The East Wing of Washington’s National Gallery of Art is, in a sense, the precursor to the concert hall. Pei was faced with tight site restrictions in Washington that precluded a rectangular building, and he wanted to convey a spirit of ceremony and excitement. So he designed a triangular floor plan that fit the site and enlivened the building’s interior. The gallery was an instant hit; about four feet above ground level at the corner nearest the main entrance, its gray marble exterior bears a broad, shallow indentation from the touch of hundreds of thousands of curious hands.

Not all of Pei’s creations have been sensationally successful. His 60-story John Hancock Tower in Boston made national headlines in the late Sixties, but only because its double-paned windows mysteriously popped out of their frames, forcing surrounding sidewalks to be closed or covered as defense against the shrapnel (a switch to single-pane glass solved the problem). In the mid-Fifties he designed a tower for the Massachusetts Institute of Technology that, although striking, included a design error that turned its ground floor into a wind tunnel.

On the whole, however, he has created happy fusions of great architecture and good business. Corporate clients, with whom he is a favorite, know that his buildings will be interesting, but not outrageous. While some of his contemporaries may be turning toward a more whimsical, tongue-in-cheek form of architecture – Philip Johnson’s Chippendale AT&T building in New York is an obvious example-Pei still believes that “architecture is serious business.” A bad building, unlike a sculpture or painting, cannot be thrown in a closet and forgotten. “Sooner or later, we have to be able to take liberties with discipline, but I would never lose discipline,” Pei says. “Many post-modernists want to break away from the tradition [of discipline] and say ’let’s have fun.’ And [their buildings].. .become stage sets.”

Pei himself cannot credit any particular aspect of his background for his sense of order and discipline. Part of it – he would say a small part-may be his Chinese heritage.

He was born in Canton, China, in 1917. He decided to become an architect at the age of 16; as a boy he spent his spare time watching the construction of the 26-story Park Hotel in Shanghai. His father, a distinguished banker with many British friends, wanted I.M. to attend college in England. Pei chose the United States instead, arriving in 1935 to study architecture at the University of Pennsylvania. But he was intimidated by the heavily Beaux Arts emphasis at Penn-“my background was very technical. Science, mathematics… I was told that if you wanted to be an architect you had to be something of an artist”-and chose instead to study architectural engineering at MIT. He might have become an engineer had the architecture school dean not told him, “Look here, you were born in China, brought up in China, I don’t care [about your training], you are an artist.” Pei laughs at the recollection -“It was his New England prejudice showing”-but the advice steered him into architecture.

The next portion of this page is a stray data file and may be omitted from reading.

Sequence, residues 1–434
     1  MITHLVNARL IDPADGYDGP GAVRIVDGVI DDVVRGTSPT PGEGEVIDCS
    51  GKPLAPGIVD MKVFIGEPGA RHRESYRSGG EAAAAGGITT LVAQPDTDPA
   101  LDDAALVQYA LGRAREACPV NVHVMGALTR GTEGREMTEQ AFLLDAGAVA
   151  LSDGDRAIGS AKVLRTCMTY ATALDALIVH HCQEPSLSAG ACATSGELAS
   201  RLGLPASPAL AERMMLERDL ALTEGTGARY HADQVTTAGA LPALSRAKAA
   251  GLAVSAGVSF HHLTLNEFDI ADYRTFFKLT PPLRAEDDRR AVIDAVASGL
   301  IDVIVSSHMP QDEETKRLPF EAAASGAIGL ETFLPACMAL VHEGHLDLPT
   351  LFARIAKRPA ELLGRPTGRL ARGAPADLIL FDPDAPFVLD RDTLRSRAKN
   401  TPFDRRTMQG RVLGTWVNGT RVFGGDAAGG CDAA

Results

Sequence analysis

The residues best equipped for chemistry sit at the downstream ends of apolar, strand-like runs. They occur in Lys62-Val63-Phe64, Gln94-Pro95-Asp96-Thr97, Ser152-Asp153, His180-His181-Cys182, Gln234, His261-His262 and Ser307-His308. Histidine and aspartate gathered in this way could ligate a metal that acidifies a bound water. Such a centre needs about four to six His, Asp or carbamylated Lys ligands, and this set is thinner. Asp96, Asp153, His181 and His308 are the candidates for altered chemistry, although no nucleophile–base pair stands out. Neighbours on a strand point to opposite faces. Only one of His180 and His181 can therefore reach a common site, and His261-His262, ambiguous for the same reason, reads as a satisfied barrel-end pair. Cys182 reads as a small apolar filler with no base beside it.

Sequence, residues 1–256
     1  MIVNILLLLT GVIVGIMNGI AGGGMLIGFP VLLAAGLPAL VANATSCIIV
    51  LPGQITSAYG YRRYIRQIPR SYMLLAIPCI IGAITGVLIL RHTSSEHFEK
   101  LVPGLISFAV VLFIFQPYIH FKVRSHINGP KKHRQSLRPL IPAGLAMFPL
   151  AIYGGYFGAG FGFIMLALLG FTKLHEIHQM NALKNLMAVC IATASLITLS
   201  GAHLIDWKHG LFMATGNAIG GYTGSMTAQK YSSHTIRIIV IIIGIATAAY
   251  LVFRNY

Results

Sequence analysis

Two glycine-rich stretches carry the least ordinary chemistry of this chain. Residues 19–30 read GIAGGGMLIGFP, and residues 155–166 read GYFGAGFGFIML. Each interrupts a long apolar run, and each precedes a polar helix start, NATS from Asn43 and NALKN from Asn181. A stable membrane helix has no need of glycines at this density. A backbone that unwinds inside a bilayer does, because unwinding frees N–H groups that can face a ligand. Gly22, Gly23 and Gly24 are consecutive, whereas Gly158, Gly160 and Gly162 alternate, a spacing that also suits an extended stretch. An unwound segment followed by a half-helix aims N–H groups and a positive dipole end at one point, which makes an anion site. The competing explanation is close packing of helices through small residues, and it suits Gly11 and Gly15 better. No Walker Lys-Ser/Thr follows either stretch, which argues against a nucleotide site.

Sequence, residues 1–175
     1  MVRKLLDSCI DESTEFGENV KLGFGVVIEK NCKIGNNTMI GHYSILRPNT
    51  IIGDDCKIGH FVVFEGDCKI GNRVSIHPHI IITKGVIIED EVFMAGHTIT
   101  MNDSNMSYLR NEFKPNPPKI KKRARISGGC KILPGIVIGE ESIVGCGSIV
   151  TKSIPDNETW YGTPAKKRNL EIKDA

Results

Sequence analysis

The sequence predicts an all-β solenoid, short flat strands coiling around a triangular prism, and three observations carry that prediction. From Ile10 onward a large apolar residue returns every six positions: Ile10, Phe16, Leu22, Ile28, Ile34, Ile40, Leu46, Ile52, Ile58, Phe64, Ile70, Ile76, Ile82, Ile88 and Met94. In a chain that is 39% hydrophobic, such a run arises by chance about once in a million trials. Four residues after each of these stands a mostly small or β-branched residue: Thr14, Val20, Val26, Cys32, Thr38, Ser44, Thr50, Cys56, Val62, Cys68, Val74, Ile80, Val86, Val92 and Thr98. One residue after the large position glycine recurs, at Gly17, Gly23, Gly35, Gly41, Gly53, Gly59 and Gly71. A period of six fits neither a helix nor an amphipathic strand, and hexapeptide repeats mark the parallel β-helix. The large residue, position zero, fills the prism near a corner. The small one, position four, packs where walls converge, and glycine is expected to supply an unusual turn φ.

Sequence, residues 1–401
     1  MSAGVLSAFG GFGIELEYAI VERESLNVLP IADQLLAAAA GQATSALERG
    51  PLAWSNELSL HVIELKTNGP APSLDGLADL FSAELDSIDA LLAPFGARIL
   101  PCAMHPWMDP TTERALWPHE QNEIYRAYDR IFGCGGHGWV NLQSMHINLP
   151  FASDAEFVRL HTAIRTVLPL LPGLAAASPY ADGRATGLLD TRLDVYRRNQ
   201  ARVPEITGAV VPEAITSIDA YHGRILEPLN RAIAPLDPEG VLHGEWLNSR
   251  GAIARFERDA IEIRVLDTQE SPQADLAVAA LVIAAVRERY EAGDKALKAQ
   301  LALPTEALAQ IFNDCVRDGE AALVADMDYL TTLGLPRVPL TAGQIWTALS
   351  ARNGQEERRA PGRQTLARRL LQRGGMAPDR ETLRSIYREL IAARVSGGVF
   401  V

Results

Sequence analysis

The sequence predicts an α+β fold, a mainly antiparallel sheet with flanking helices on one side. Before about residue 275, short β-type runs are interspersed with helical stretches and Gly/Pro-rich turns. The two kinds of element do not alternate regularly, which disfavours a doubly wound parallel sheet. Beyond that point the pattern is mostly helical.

Though Pei notes that his architectural training is Western, he adds that the Chinese tradition stresses “relationships between people, not only within the family but within society.” That background may have given him a conceptual advantage, he thinks. “Nowadays, the important thing about buildings is how they relate to the people using them.”

After his graduation in 1940, Pei entered the Graduate School of Design at Harvard. In 1942, he married Eileen Loo, a Chinese student freshly graduated from Wellesley College. World War II interrupted his studies and, rejected by the armed forces because of his citizenship and poor eyesight, he went to work for the National Defense Research Committee. The intelligence service thought that anyone who designed buildings should be an expert on blowing them up. Pei’s job was to advise the Army Air Force on whether its bombs would be most effective if exploded at roof, floor or basement level. “I became quite a fusing expert,” he says. “I hated the work, but I am glad that I did it because I felt that it was something that I had to do.”

After the war, Pei returned to teach at Harvard, where he received his master’s degree in 1946. His work there, with Walter Gropius and Marcel Breuer, set his basic design themes. “At MIT, the school was just trying to break away from Beaux Arts to something else, but they were not sure what that something else was,” Pei says. “When I went to Harvard, Gropius [a refugee from Germany’s Bauhaus school] knew exactly what that alternative was. At the time, I didn’t agree with him on everything, but I needed a very strong point of view about an alternative, and that’s what Gropius gave me.”